Obama Vs. McCain on the issues: Health Care
This is so dire, folks. I really hope that anyone who is remotely considering voting for McCain or not voting at all hears this one, because if there is anything at all that will kill your budget, here you are.
I’m going to throw a lot of sources at you, because I want you to see that this isn’t some far out rant from the Huffington Post. This is real.
John McCain wants to destroy employer-based health benefits. Is destroy too severe of a term? I don’t think so. Part of McCain’s plan is to tax you for the amount your employer contributes to your health care benefits as if it were income. More on that after this public service moment.
First, you need to see through the carefully constructed terminology he uses on his website:
John McCain Believes The Key To Health Care Reform Is To Restore Control To The Patients Themselves. We want a system of health care in which everyone can afford and acquire the treatment and preventative care they need. Health care should be available to all and not limited by where you work or how much you make. Families should be in charge of their health care dollars and have more control over care…An important part of his plan is to use competition to improve the quality of health insurance with greater variety to match people’s needs, lower prices, and portability…While still having the option of employer-based coverage, every family will receive a direct refundable tax credit – effectively cash – of $2,500 for individuals and $5,000 for families to offset the cost of insurance. Families will be able to choose the insurance provider that suits them best and the money would be sent directly to the insurance provider.
What this means: this means that you are on your own. Things like “restoring control to the patients” and “families should be in charge of their health care dollars and have more control over care” sound really nice. What they mean is that you are on your own. Have you ever tried to afford insurance on your own or worked for a small business whose coverage was minimal? I have. Cheap health insurance comes with ungodly deductibles before they even begin to cover doctor visits; caps on prescription drug spending; and bureaucratic nightmares if you need something actually covered. Small business’s insurance policies have similar problems.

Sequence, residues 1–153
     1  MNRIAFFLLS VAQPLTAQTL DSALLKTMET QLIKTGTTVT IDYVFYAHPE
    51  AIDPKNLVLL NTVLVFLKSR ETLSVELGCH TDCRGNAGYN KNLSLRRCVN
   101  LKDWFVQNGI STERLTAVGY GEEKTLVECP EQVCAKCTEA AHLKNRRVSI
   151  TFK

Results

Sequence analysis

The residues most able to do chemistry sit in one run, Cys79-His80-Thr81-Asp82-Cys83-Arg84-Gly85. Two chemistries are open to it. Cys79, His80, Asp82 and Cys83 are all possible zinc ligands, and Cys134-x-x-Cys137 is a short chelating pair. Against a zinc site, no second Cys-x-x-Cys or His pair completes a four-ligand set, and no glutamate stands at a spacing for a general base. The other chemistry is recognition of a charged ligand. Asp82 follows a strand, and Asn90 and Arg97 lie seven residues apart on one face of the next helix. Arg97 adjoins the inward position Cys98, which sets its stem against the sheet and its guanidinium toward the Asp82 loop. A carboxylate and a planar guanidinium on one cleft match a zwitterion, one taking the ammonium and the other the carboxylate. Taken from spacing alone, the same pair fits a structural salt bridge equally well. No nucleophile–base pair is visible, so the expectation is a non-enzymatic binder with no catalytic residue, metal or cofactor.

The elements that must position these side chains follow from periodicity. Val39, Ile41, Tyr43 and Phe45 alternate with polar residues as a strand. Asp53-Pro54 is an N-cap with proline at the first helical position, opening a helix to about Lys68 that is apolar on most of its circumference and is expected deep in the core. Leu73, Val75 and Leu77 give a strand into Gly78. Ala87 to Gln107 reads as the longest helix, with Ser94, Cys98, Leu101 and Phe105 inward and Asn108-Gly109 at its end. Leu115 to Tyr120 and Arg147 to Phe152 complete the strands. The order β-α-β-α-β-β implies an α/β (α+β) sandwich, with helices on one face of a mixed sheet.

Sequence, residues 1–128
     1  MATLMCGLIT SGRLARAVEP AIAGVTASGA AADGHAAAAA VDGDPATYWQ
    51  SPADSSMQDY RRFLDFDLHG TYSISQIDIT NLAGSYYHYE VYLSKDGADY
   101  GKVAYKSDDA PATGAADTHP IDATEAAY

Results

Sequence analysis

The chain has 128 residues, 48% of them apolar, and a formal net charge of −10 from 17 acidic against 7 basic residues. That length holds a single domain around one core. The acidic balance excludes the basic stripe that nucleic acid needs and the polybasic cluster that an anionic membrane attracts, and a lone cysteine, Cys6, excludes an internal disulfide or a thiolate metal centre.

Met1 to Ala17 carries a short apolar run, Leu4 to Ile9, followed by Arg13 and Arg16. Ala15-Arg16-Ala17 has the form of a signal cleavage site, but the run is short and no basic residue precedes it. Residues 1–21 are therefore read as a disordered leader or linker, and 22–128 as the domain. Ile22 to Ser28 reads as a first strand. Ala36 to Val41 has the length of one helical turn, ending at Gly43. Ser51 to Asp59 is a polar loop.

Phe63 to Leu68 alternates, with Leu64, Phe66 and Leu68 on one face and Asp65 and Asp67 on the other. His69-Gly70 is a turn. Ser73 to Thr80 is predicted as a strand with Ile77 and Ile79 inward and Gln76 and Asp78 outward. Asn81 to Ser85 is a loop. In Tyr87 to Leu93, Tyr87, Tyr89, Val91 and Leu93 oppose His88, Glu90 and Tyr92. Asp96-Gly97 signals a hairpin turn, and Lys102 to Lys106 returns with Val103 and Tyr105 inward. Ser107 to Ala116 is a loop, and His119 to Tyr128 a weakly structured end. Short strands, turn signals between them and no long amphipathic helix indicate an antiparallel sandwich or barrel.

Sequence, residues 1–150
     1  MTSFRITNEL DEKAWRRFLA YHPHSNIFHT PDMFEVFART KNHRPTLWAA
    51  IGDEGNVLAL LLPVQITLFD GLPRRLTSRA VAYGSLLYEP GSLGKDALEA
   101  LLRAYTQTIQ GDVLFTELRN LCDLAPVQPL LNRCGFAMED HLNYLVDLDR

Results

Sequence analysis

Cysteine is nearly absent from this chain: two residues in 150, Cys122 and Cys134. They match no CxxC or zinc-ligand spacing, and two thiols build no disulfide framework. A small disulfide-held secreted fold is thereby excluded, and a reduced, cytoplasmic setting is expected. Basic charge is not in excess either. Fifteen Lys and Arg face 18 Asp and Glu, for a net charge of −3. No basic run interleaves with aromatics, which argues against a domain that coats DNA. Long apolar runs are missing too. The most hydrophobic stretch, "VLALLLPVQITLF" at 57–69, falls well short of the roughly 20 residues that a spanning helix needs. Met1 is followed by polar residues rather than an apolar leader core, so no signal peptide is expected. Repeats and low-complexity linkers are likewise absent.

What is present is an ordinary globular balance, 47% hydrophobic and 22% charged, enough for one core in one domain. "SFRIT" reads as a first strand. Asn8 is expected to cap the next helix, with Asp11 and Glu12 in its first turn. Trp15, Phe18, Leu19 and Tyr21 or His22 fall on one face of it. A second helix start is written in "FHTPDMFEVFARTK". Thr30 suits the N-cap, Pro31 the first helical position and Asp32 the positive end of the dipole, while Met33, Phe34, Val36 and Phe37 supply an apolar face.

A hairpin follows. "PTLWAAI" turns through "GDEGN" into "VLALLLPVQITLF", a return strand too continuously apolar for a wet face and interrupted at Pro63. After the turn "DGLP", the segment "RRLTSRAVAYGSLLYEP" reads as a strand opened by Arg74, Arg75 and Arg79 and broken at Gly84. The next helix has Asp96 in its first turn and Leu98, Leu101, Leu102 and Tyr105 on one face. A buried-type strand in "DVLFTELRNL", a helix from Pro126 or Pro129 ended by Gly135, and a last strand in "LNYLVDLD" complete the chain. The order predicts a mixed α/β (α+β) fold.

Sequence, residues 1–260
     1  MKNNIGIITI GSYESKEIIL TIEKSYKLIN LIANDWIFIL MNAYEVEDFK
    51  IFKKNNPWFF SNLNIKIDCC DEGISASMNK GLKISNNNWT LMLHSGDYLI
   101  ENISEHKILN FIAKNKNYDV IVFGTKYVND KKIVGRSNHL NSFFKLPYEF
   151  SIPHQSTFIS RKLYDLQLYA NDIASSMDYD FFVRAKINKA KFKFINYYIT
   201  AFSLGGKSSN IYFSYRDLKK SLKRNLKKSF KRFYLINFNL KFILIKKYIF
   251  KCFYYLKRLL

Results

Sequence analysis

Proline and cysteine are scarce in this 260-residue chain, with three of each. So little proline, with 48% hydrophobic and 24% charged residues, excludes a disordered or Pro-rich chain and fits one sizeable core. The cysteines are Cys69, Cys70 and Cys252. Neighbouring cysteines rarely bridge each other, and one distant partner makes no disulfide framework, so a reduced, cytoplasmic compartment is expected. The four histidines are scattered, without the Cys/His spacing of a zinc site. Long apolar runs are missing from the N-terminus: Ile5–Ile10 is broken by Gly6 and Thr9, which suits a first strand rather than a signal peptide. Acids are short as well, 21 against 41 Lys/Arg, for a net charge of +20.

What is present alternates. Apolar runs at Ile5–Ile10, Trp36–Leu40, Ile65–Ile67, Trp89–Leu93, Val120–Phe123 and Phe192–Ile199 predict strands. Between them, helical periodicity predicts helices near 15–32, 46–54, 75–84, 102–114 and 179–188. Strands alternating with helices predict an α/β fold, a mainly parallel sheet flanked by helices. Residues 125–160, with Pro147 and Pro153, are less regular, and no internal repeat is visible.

The problem is, people often don’t notice these things until they get sick. Or in an accident.
The basic concept behind health insurance is one that is anathema to conservatives like Phil Gramm and John McCain – in theory, everyone pays into a system that disproportionately benefits those who need it most. It’s essentially making the burden of risk and the profit of benefit public. I would argue that conservative philosophy is exactly the opposite – they prefer privatizing profit and have no problem lobbying for the public carrying the burden of risk. This is where health care would go under McCain. Private profit, public risk. Keep repeating that. Private profit, public risk.
So back to the employer benefit and taxation issue. Highlighted in today’s Huffington Post is what is rarely spoken. I’ll quote:
McCain intends to tax workers for the value of health insurance that they receive from their employers. Really. It’s not included in the description of his plan on his web site. It is, however, on the site of the Henry J. Kaiser Family Foundation, a non-profit organization that specializes in health policy…It says McCain would “reform the tax code to eliminate the exclusion of the value of health insurance plans offered by employers from workers’ taxable income.”